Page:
A Speech by Fredrick Douglass
How many of you here today, know when your birthday is? Almost everyone. I do not know the exact date on which I was born (1). When I was young, I overheard my master say that I was born around 1818 but the day or even the season I am not sure of (1). How many of you know who your parents are? Again, almost everyone does. I only saw my mother a hand full of times during my entire life (2). We were separated at birth so I would grow up without her. So that I wouldn’t make any ties to her. However, some nights she would walk twelve miles just to lye next to me at night, but she’d be gone by the morning. When I heard that she had died, I felt no more remorse than I did for a stranger’s death. That’s what she was to me, a stranger (3). My father was said only to be a white man and there was talk that he was my master (2). However, the law stated that the child would be born in to the mother’s social position, not the fathers. So, the horrible act of raping their own female slaves was beneficial to the slave owners. It increased their number of slaves(3).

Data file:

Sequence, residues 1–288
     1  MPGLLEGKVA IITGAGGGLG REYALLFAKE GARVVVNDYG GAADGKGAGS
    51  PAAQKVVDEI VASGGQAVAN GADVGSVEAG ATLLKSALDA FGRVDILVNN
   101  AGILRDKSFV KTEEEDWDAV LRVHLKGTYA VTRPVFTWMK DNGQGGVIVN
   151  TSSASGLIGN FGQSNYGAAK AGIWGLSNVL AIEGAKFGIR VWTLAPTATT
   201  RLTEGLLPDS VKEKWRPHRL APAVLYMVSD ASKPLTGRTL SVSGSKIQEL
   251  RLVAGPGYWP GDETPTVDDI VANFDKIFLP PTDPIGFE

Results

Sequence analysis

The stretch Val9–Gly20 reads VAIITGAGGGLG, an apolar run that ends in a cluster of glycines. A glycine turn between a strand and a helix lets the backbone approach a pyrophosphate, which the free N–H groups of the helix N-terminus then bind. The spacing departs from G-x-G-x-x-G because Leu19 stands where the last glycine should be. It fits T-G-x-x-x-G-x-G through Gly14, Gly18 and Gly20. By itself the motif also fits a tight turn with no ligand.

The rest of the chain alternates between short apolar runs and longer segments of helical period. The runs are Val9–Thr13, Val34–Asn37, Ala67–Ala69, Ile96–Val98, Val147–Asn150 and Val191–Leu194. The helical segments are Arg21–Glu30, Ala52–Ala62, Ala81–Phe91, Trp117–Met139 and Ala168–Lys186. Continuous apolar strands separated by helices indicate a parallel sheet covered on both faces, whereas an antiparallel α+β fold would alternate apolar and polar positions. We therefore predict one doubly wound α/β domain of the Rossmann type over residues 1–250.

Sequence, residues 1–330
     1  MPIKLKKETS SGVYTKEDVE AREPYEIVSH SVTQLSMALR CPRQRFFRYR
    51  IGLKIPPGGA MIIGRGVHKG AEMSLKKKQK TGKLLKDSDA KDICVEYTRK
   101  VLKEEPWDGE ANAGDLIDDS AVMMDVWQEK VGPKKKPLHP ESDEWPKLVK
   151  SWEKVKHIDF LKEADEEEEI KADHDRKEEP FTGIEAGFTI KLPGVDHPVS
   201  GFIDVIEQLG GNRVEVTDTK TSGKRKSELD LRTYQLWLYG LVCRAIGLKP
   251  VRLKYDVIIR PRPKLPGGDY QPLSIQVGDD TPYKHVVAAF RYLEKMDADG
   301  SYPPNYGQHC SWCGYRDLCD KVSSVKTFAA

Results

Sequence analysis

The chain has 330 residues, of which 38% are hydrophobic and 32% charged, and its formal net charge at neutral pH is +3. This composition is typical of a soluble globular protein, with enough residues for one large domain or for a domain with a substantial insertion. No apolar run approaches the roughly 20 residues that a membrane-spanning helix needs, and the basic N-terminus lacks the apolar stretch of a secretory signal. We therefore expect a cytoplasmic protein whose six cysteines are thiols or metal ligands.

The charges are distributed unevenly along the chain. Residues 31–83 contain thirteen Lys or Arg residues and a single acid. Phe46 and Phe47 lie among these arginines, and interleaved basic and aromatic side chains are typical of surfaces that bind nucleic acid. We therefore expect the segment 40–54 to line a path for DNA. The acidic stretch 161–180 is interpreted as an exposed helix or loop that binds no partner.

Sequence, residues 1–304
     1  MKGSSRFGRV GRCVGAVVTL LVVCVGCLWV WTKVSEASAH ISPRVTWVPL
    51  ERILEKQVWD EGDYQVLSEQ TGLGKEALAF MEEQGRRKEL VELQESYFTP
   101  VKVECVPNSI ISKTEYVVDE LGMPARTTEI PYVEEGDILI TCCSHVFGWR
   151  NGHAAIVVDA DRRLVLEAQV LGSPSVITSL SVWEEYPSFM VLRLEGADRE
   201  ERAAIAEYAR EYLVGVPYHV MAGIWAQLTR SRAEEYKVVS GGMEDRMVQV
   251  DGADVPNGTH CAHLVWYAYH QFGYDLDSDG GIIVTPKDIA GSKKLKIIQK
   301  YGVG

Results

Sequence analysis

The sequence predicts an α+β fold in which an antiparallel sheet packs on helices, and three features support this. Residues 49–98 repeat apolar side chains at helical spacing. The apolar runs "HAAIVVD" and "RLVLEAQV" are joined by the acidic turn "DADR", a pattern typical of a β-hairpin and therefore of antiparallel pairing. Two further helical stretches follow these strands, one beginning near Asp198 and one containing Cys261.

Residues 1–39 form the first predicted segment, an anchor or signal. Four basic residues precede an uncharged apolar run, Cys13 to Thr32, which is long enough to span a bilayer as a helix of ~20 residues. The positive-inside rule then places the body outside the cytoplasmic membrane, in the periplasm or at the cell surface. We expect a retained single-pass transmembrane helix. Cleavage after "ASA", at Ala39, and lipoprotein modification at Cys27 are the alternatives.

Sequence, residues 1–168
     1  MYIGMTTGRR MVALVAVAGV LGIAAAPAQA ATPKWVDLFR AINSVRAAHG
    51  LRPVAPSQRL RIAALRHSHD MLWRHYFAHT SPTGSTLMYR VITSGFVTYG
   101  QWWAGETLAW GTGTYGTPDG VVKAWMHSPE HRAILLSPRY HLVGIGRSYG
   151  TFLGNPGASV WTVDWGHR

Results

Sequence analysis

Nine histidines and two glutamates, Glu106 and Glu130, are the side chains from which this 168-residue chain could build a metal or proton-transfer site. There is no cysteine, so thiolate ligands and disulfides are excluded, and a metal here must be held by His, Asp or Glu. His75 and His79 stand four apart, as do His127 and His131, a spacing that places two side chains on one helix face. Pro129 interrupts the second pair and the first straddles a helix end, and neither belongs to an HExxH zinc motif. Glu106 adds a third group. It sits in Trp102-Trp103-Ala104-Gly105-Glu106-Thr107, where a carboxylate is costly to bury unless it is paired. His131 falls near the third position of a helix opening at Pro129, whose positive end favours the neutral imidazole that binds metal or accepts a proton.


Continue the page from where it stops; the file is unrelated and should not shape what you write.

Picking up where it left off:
My first master was Colonel Lloyd (7), and under him I worked under three overseers while I was at Great House Farm. The first was a man named Mr. Severe and so rightly he was named that (9). He was a cruel man and a profane swearer and I remember seeing him whip a woman in the presence of her children. The second was a man with a much kinder disposition, Mr. Hopkins, who took no pleasure in whipping the slaves (10). I guess my master didn’t think he was cruel enough because he didn’t stay there long. He was replaced by Mr. Gore a cruel, proud, and ambitious man that was perfect for the job (18). I remember one account where a Slave by the name of Demby was whipped horribly then ran into the creek to sooth the pain. Mr. Gore gave him three chances to come out of the creek, and when Demby refused, Mr. Gore murdered him. The crime wasn’t...